Awad: Yes, it is ironic — and sad. The hospital in Bhopal was built by Union Carbide as part of their compensation for the victims of the 1984 gas-leak disaster. But after the scandal about drug testing on the gas leak survivors broke last year, the government took over and banned all testing.
The drug trials ran from 2004 until 2008. The complete lack of empathy of both the doctors we secretly recorded stood out to me. In addition to what one of them says in our film, he also told us he believes the reason why his hospital has been singled out was because others were “jealous” of the hospital’s performance. Some of the pharmaceutical companies and CROs [Clinical Research Organizations] who ran the trials refused to speak to us. Meanwhile, people who are almost always poor and often illiterate fell by the wayside.
Sundaram: Explain the nexus that seems to exist between CROs and hospitals. How do these CROs pick the hospitals where they want to test drugs? Did your investigation reveal any particular doctors who benefited from this testing?
Awad: CROs are profit-driven companies that specialize in running clinical trials. Their clients are hospitals and pharmaceutical companies. CROs and the Association of Clinical Research Organizations, (the body that represents a number of CROs,) say that hospitals are chosen based on their performance, resources, professionalism and whether or not they have the technology necessary for clinical trials.
Sundaram: One family you interviewed in Andhra Pradesh lost two daughters after they were vaccinated with Merck’s Gardasil, one of the vaccines that is used in the United States to prevent contracting the Human Papillomavirus, which causes genital warts and cervical cancer. A few other girls also died after they were vaccinated with Gardasil. Were there any health care professionals you interviewed, who said they believed that the deaths were or could be related to Gardasil? Is any action going to be taken against the principal of that school, who gave consent to the CRO to vaccinate his students? How many students in all were vaccinated with Gardasil?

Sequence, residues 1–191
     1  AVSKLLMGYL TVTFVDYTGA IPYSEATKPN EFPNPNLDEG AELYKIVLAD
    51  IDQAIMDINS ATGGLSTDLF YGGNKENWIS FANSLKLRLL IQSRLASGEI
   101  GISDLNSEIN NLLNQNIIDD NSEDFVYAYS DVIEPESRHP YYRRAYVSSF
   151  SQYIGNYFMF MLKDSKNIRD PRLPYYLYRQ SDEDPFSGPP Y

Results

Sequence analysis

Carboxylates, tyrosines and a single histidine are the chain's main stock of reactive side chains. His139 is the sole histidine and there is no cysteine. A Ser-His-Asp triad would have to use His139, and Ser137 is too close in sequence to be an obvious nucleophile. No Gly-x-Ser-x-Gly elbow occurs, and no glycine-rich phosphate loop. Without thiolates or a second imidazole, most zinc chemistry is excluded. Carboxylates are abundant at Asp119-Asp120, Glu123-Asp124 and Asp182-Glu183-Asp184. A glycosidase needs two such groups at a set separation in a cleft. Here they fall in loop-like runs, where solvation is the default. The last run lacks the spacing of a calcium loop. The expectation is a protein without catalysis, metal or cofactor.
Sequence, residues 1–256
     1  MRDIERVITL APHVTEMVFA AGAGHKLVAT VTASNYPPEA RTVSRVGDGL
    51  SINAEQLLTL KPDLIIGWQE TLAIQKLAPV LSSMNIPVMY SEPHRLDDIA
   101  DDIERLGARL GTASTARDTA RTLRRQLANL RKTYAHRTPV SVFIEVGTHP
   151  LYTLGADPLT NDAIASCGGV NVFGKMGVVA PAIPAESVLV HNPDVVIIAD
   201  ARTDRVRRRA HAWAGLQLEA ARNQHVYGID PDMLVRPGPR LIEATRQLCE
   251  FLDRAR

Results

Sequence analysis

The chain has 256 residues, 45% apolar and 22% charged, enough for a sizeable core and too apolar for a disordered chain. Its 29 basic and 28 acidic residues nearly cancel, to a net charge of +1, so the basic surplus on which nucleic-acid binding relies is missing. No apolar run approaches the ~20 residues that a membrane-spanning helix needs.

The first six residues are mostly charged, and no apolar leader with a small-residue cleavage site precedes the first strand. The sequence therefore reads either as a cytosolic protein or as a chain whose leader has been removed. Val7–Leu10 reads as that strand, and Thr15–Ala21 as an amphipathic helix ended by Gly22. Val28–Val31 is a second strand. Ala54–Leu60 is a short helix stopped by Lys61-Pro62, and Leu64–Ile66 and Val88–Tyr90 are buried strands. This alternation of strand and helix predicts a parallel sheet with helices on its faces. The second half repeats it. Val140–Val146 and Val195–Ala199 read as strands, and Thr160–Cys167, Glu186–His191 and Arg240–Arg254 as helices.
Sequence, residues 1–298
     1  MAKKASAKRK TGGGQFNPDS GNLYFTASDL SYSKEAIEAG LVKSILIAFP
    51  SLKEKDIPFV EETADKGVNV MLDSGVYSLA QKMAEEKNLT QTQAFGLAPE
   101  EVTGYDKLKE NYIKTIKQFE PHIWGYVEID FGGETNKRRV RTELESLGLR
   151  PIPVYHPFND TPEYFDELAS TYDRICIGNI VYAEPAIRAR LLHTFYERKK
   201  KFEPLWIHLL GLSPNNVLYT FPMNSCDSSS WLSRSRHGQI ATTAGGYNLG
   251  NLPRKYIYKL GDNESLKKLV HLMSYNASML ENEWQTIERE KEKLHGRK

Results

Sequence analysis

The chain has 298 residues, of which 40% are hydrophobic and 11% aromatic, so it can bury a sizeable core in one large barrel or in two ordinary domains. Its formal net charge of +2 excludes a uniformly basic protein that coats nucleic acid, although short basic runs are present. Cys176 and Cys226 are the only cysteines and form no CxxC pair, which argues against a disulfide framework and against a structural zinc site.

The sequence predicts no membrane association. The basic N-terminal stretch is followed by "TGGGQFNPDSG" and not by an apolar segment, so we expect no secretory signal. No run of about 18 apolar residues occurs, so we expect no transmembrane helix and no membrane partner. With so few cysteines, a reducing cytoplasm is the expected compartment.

Awad: There is no evidence linking Gardasil vaccine to the deaths. There was also no adequate follow up with the girls’ families, and with no follow up there is no way of knowing what went wrong. The government did issue a report in which it concluded that none of the girls died from the vaccine.
We looked at the girls who were vaccinated while they were at school in India’s tribal region. It was the school’s headmaster, and not the families of the girls, who gave consent for the girls to participate in the vaccination program. The headmaster is no longer working at that school, and he has not been prosecuted. In fact, the government’s investigation found that there is no one party responsible for any wrongdoing, and therefore no one was to be prosecuted.
Sundaram: But why would Merck want to test a drug that has been already approved by the U.S. Food and Drug Administration on more people in another country?